My Perfect Weight

My Perfect Weight! “I have so much fat on me- I’ve lost 10 kilos and I’m down to 38 kilos but it’s still not enough. There’s so much more to lose–I like

My Perfect Weight!

“I have so much fat on me- I’ve lost 10 kilos and I’m down to 38 kilos but it’s still not enough. There’s so much more to lose–I like the little bit of bone that’s showing–my collarbone looks defined–I should keep this up. It’s working.”

“I hope I’ve not eaten too much today so it doesn’t show on the scale tomorrow – I really controlled myself and only ate the 600 calories but wait– there were those extra 3 bites of pasta, so I’m at 650 calories. That’ll take me 1.5 hours at the gym to burn off.”

“I hope I don’t have to go out to dinner today with family. That’s too many calories. I’ll tell them I ate at home so then I can eat only the amount I can afford.”

This is a personal account of someone who has journeyed through feeling fat while she was medically underweight. Such a journey is very unique and complex for each individual. At Reisaan Health, we provide support for those who are going through similar experiences, towards the road to recovery. 

Do any of these scenarios sound familiar? These situations are all too known to me. Every day, for years, I would wake up in the morning thinking and planning how I could avoid being around anyone at meal times so that I could eat the amount I wanted without being judged. When I couldn’t avoid company, I would make up an excuse, saying I had already eaten my main meal and was simply “snacking and eating a second time” just to shut down any further discussion. I was so tired of hearing “You’re not eating enough! What’s wrong with you?” I felt like those people were crazy. I was eating more than was necessary for my body. Couldn’t they see that? I still had an inch or two of fat around my thighs. I loved the weeks when my jeans felt a bit looser or someone would comment that I’d become “too skinny.” It didn’t matter what happened on the outside. I had control over what happened to my body and what I put in it, and that gave me a sense of power. For many years, I thought I was doing okay.

What did my ‘okay’ look like on the inside?

Every meal was a calorie count that could turn into a guilt trip if I exceeded my limits. I would dissect the food, examining and inspecting every inch of it. Fried and greasy food was obviously “off limits” but even my family’s daily “normal home” food was scary. If I happened to have a bite or two of dessert, it meant I would skip my next meal or spend an extra 40 minutes at the gym to be safe.

For years, I tried to achieve that perfect number on the scale and took any action that would possibly help me get closer to that ideal. If I ever got feedback about my thinness it simply motivated me to restrict my calories further. My self-worth? That was decided by the figure on the scale. My personality, my qualifications, my relationships with my loved ones- none of those could reassure me the way the number on the scale could. And what happened when I finally achieved the number I was aiming for? Dissatisfaction. Yup, the result wasn’t good enough; so, I exercised relentlessly to counteract all the calories I had meticulously counted all day. And after that numeric goal was achieved? It still wasn’t enough. The number needed to be yet lower. And lower. And lower.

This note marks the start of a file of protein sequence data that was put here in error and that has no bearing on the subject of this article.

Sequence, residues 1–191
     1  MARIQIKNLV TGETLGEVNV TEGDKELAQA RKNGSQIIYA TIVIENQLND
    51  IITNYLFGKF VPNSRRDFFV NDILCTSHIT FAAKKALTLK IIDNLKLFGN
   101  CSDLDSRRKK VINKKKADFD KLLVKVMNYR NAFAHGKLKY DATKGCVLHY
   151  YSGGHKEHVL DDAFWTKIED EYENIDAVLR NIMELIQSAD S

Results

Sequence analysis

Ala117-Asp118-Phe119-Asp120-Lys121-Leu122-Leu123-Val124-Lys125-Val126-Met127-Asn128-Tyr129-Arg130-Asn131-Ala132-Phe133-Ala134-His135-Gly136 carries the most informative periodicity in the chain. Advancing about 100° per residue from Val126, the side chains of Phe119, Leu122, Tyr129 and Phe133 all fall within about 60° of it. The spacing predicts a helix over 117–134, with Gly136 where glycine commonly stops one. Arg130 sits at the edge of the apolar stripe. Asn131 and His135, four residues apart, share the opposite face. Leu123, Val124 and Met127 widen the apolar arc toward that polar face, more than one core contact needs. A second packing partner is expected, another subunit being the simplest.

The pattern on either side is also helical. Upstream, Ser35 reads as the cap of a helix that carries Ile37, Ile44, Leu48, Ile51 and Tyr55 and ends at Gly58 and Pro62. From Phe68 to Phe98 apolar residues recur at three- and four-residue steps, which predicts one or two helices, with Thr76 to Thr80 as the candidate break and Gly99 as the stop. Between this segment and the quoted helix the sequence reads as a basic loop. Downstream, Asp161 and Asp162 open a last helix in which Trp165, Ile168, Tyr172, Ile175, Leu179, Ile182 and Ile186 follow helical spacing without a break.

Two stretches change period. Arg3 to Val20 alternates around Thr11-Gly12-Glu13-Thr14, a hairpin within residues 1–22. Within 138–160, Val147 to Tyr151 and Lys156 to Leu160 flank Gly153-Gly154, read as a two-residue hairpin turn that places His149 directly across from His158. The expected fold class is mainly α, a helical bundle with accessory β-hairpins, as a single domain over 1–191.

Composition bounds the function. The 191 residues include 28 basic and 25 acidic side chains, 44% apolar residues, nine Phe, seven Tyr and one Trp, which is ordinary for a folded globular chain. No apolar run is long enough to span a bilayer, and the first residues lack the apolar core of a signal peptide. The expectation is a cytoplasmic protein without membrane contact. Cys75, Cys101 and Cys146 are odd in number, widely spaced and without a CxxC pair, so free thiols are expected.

I was not okay.

One day I found myself at 38 kilos yet the inch of fat that I found on my legs felt like way too much. I was still obsessing about food, fully consumed with the thoughts of not being thin enough. I had developed a love-hate relationship with the number on the scale. It really bothered me when it went up and made me feel so good when it went down. I wasn’t truly healthy. No periods for six months, no muscle mass, no self-esteem, no happiness.

I finally got a wake-up call one day at the hospital when my cardiologist said he was worried about me.  I was losing all the muscle in my body; including my heart muscle. I knew I was struggling but didn’t know any way out. They gave me two choices – urgent hospital admission to get my nutrition up or gain some weight.

Gain some weight I told myself.

This was the start of a turning point in my life. It required a complete shift in my approach to taking care of myself. I learnt slowly. It was not easy, because that way of living had become so familiar. I didn’t think I could make peace with my body or my food, but I did. Changing my thoughts and habits was difficult, but I decided it was worth it.

I was worth it.

If any part of this story resonates with you, I want you to know that you are not alone.

Check out our Weight Management Program. We will be happy to help you and work with you.


Dr Aarti Javeri [M.B.B.S (UK), MRCP (UK), SCE (Endocrinology & Diabetes).

Dr Roshani Sanghani [M.B.B.S (Bom), MD Internal Medicine (American Board), Endocrinologist (American Board) Specialist in Diabetes, Weight, Thyroid, Hormones & Metabolism.


share this article:


Here’s more

Scroll to Top